"Time is up. Turn in your papers." The professor’s command was clear. The few remaining students dutifully filed down to add their test booklets to the stack on his desk at the front of the large lecture room. That is, all except one student at his seat in the far back.
Despite the protests by the professor that the student was out of time, the student kept writing answers. Finally the student came down the aisle to the front of the classroom.
"You know I can’t accept your paper now," proclaimed the professor.
The student leaned forward saying "You don’t know me, do you?" and slipped his paper randomly into the stack of test papers, and left.
This story may be an academic "urban legend," but it brings home a message about class size. Teachers should know their students. And when classes grow larger than 30–40, they become ineffective.
Academic classes are more about questions than answers. Whether it is science or literature or history, the teacher’s task is not to just spout information, but to verify that the students’ understanding is correct and in depth.
In a good "lecture class," the teacher regularly solicits feedback. When a teacher poses questions, students get to hear concepts explained and explored again in classmates' terms. Teachers often try to get students to analyze what they have learned, to question if the text is correct, and ask new probing questions themselves.
Too many lawmakers, parents, and even students think an education is about learning answers. But in most academic disciplines, a quality education is about learning to ask questions, productive questions based on an in-depth understanding of the content. —Questions structured in a way that leads to new knowledge. Memorizing what is known is a task that ends at the final exam. Learning to apply knowledge in daily life to answer new questions is what makes classwork valuable throughout life.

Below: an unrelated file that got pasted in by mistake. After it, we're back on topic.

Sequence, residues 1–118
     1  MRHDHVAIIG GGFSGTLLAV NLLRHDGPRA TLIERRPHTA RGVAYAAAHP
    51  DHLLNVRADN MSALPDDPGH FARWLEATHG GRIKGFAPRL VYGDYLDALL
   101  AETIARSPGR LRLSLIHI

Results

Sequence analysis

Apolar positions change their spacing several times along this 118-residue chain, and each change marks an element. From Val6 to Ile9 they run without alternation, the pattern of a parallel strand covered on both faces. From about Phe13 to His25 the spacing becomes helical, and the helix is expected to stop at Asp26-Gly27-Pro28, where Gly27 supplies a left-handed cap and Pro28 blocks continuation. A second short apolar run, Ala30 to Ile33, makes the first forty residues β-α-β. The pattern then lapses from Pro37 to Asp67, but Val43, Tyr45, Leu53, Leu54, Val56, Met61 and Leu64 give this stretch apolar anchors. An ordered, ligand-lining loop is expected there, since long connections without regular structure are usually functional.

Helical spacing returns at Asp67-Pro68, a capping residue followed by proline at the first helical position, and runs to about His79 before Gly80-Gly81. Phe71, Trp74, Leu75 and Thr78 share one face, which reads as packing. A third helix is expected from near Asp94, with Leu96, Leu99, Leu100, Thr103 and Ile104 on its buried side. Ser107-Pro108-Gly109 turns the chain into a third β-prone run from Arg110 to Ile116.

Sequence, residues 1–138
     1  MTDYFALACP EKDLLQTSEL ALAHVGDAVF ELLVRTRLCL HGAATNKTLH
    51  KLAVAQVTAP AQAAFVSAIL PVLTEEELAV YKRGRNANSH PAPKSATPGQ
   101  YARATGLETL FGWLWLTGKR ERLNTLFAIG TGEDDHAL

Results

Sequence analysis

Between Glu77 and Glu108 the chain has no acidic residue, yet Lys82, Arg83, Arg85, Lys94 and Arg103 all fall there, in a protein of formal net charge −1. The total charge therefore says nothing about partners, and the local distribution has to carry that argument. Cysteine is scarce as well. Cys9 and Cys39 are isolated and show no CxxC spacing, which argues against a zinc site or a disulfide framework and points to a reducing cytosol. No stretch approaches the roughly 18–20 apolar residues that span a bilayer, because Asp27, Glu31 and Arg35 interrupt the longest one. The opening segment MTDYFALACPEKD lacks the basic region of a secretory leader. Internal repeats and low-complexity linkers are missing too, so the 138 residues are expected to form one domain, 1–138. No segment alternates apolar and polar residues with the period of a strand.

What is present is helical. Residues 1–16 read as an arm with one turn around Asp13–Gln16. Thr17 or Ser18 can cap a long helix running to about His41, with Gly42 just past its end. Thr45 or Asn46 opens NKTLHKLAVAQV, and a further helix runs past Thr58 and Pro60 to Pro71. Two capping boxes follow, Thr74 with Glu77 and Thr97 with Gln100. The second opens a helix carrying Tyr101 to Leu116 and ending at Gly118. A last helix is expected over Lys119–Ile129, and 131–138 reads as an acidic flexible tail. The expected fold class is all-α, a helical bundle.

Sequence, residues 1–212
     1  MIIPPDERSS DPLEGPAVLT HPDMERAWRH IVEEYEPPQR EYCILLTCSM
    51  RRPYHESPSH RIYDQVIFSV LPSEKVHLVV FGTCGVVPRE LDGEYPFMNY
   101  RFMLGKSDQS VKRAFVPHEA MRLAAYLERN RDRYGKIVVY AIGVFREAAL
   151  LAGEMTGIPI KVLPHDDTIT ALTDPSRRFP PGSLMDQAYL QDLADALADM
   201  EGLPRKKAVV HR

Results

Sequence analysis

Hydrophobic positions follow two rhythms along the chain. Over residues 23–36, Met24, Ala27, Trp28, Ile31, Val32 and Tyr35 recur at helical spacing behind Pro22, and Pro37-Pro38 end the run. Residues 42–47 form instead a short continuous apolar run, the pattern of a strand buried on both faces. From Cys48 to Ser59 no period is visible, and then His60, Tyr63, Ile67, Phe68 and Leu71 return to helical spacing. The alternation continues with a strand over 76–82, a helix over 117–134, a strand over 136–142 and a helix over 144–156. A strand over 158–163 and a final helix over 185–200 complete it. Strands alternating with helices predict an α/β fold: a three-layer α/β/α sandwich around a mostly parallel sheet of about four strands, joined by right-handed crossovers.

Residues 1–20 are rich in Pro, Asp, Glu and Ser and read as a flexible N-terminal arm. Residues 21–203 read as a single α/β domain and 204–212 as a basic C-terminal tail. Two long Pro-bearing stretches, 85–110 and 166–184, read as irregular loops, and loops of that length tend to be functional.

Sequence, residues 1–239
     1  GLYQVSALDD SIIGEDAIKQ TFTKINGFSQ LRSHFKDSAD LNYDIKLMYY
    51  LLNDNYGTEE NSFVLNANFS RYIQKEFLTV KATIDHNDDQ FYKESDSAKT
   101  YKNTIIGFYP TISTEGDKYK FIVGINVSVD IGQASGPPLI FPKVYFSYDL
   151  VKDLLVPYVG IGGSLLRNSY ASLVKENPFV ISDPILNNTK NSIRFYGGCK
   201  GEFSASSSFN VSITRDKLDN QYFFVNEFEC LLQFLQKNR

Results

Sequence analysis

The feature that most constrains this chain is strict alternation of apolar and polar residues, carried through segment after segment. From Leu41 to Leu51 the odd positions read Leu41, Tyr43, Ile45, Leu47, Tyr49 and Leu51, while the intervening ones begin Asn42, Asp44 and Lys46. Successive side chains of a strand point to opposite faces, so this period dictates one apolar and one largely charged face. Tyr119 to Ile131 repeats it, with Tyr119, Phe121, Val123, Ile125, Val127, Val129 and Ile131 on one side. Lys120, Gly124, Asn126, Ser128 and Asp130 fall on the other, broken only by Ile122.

A class size bigger than 30–40 is too large to allow all students to actively participate in discussion and interaction at some time within a week. And any classroom that is bigger than five rows of students deep is too big. The reason is simple.
Remember when your teacher filled the blackboard with notes and then, while erasing it, tossed a question to the class. Scanning the students, the teacher could almost always pick out the one student who did not know the answer. How does a teacher do that?
Now, I bet that you know. If you were the student who did not know the answer, you probably tried to glance down or away.
The clue is in your eyes. When you understand the concept and are mentally involved in the flow of ideas, your pupils are dilated larger. A teacher can even read the "ah ha" moment when a student "gets it." But if you do not understand—or could care less—your pupils constrict. It is hard to hide that fact that you are thinking "huh"? Along with other "body language," a teacher can gauge whether the bulk of the class understands, or is lost.
Some students say that "I would rather be in a large lecture hall with a great teacher than in a small classroom with a mediocre teacher." Yes, it is possible to be entertaining in a large lecture hall for a day, but it is not possible to be a great teacher to these masses for a semester. The failed educational-TV experiment of the 1960s to proved that canned “great lectures” were not great teaching.
A student has a right to be known by his or her teacher. —And a right to the attention of that teacher throughout the course.
Unfortunately, some Kansas universities have class sizes commonly in the hundreds—sometimes over a thousand! Assistants scurry around to take attendance and hand out worksheets or quizzes. These are theatrical productions, not classes.
To communicate with unique students, real teachers have to know them.
Huge class sizes are institutionally-sanctioned educational malpractice.